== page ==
Spring Football: The Time of Year When Everyone Has High Expectations

Kristian SiutaCorrespondent IIMarch 3, 2011

spring football
spring footballDave Martin/Getty Images

“Dead Period” in college football normally refers to limitations between coaches and players, as well as recruits. For the fans, it is currently the “dead period."

There are no meaningful games in the near future. The earliest sign of an official touchdown during a game is more than six months away. Sounds depressing, doesn’t it?

Put away the tissues—spring football is nearly here. That means every single school across the country has a chance at redemption, improvement and achieving new goals.

For the fans, this is the time many great predictions are expressed openly, typically in bold lettering on their favorite message board. But in the end, most expectations and gaudy guarantees fall by the wayside.  

Right now, every fanbase in the country thinks their team is going to be “great” next year.

But that is the beauty of college football. Who doesn’t love all the fanfare and pageantry of college football?

Look around the country; most football programs do not sell out their annual spring game. But for the ones that do, it is a nice gameday teaser while the leaves are still green and the temperatures are rising.  

After all, spring is the time to evaluate depth charts, player progression and new incoming talent. That is where all the hype and optimism stems from.

Really, it doesn’t matter if you are a conference doormat or a flagship program; the thought of something “new” is always encouraging.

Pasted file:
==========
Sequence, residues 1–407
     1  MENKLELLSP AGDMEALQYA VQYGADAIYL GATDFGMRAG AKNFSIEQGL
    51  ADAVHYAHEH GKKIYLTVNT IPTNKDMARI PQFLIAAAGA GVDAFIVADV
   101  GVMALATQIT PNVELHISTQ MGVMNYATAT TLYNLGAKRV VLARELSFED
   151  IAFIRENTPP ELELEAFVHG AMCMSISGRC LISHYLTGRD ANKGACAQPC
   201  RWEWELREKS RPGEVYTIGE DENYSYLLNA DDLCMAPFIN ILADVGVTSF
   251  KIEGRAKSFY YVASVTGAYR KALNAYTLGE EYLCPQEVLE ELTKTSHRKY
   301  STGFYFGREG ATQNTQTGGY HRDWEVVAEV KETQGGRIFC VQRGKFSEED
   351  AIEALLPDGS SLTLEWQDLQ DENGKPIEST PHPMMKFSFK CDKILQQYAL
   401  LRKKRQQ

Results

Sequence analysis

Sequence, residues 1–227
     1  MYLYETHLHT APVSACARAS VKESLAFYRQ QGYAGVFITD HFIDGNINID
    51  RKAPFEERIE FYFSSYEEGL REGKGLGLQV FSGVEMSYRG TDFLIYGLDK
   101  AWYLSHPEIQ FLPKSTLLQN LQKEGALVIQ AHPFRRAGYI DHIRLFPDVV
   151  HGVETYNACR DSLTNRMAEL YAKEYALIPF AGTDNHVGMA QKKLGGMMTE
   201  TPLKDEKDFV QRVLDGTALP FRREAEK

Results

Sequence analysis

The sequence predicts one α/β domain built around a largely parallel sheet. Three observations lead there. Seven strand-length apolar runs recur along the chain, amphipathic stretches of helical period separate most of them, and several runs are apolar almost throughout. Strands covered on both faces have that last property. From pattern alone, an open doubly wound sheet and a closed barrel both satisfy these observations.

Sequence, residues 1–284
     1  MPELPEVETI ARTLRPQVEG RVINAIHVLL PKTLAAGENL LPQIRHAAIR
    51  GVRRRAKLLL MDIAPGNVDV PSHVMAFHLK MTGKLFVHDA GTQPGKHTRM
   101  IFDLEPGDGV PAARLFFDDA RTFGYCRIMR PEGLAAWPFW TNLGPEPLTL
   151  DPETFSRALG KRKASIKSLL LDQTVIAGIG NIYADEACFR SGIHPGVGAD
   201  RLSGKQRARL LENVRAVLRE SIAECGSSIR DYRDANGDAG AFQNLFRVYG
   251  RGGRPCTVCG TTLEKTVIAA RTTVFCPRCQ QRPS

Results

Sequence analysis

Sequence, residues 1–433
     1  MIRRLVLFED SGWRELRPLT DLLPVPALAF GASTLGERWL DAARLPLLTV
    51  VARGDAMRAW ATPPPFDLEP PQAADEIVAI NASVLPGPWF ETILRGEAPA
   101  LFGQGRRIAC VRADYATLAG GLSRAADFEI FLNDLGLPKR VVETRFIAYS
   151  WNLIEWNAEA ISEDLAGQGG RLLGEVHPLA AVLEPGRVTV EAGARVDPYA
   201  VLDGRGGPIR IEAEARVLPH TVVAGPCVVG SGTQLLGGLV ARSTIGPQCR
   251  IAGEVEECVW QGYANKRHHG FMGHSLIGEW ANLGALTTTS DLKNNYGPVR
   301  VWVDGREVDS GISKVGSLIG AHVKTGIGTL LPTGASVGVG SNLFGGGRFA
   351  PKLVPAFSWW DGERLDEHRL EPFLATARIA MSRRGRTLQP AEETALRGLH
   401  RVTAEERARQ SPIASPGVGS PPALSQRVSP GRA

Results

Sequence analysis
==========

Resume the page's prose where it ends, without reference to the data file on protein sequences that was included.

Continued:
Think back to Christmas morning: Everyone is unwrapping new uncharted goodies and waiting to test out any new electronics. Spring practice is very similar.

Those first practices are the early stages of unveiling what a useful gift fans might eventually receive when the season gets underway. Unfortunately, as we all know, many gifts and presents on Christmas are returned, exchanged or even tossed aside only to never see the light of day.

Many fans will experience that same feeling once the score counts. No one wants to be left wondering “what could have been” or “what’s wrong with our team,” but that is the nature of sports.  

However, coaches coach, players play and fans, well, they expect. Perhaps others might cheer, but that is only if their expectations are either met or exceeded. If their team is on the other side of the fence and losing, fans will boo and jeer until a change is made.

Most of us have been on both sides and experienced all the emotions in between.

The beauty of spring football is that every practice, every repetition, every drill, is building towards the ultimate bottom line. Fans should feel that their team “won the day” after the end of each practice. After all, their conference rivals were not lining up across from them each play looking for glory. 

There is plenty of contact and competition that takes place during the spring.  Fans can only hope their team's top talent stays healthy enough to compete during the fall.

Certainly, that is what really counts, as everyone wants to unwrap the biggest present when it matters most. But for now, let the fans gauge expectations and the future prospectus of their program. 

In the end, it is spring football, and the expectations and predictions of devoted fans are entirely a crapshoot.

Perhaps that is why this “dead period” for fans is so much fun.